FOR IMMEDIATE RELEASE
December 6 – January 4, 2006 Reception: Thursday, December 8, 2005, 6-8 PM
"On the Street Where We Live"
Freight + Volume is pleased to present our first solo exhibition by Los Angeles-based artist Asuka Ohsawa. “Asuka Ohsawa: "On the Street Where We Live",” opening on December 6 and running through January 2, features recent gouaches that examine familiar dilemmas through the cultural looking glass of fables and comic books. Her richly imagined set pieces are rhythmic, deftly linear and concise, and refer to everything from Orwell to Roger Shimomura to the Three Little Pigs.
Drawing from the Japanese giga tradition (giga simply means “humorous pictures”), as well as artists such as Toba Sojo (1053-1140) and Kuyinoshi Utagawa (1797-1861), Ohsawa peoples her stunning allegories with rabbits, wolves, fish and birds that quietly reveal internecine, factional tensions. Investigating present-day realities, Ohsawa universalizes the sadness of many of our current social practices by projecting them, with mock poignance, onto the animal kingdom.
Her meticulous paintings call to mind the eighteenth century woodcuts of Hokusai, while simultaneously employing the contemporary visual lexicon of manga (Japanese graphic novels). Her work is thus both familiar and under-stated in tone. Yet even as its line is smooth and its composition untroubled, Ohsawa’s art simmers with a sense of psychological unease. Though the pieces operate as self-contained stories, their tight cropping gives the viewer the sense that something is happening just outside the frame, that life is speeding by out there, stopping for only a moment to whisper a social contradiction that feels more like a riddle.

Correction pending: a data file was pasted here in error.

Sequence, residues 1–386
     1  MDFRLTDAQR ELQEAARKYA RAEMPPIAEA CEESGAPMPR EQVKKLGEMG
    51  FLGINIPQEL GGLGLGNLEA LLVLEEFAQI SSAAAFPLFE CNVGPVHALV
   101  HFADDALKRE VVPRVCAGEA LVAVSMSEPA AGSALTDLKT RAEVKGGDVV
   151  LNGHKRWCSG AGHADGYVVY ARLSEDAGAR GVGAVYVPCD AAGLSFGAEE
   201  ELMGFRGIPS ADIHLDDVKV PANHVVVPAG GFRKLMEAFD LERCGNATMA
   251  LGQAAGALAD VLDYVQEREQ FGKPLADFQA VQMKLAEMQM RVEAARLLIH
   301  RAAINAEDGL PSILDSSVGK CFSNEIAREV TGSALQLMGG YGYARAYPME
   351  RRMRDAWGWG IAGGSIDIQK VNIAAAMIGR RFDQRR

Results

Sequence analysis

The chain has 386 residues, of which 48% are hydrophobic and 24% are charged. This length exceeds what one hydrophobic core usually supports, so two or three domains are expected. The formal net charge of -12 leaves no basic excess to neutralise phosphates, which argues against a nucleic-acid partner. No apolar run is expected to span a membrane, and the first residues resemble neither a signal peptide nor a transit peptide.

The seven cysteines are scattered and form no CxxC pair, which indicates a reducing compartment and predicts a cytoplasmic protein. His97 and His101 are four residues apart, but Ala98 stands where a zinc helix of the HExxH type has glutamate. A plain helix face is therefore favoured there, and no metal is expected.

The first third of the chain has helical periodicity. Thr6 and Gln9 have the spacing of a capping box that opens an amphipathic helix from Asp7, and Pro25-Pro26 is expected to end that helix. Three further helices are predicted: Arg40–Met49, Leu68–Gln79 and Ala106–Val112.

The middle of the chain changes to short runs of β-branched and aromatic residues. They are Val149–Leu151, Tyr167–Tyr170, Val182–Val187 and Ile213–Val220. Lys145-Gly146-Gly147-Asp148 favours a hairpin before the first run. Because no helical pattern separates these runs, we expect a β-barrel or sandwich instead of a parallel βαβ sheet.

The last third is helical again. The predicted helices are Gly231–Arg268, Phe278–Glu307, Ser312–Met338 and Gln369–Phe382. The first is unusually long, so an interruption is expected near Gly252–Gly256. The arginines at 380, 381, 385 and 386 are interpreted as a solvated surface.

Accordingly, the narrative is never direct and always tinged by absurdity. This is the subversive aspect of Ohsawa's work. Its magic is that even as it permeates our awareness, as a manga reader's is seduced and slightly unhinged, it also consoles. Its measured tone seems to say that though the order of things is neither rational nor acceptable, there is an order, even if it is knowable only as an intuition.
Asuka Ohsawa’s work has been seen in San Francisco, Boston, Los Angeles, and at the Asian American Arts Center. Her work will be included in the Traveling Scholars exhibition in 2006 at the Museum of Fine Arts, Boston. She holds a MFA from the School of the Museum of Fine Arts, Boston, and lives and works in Los Angeles.
In the project space: Erik Moskowitz (former member of The Wooster Group) presents his operatic video A Bit of Dirt, which draws a correlation between the ethical bankruptcy depicted in Stanislaw Witkiewicz’s 1930 novel, Insatiability, and that of contemporary society.
For more information, please visit the gallery’s website or contact C. Sean Horton (Director) at 212-989-8700 or firstname.lastname@example.org.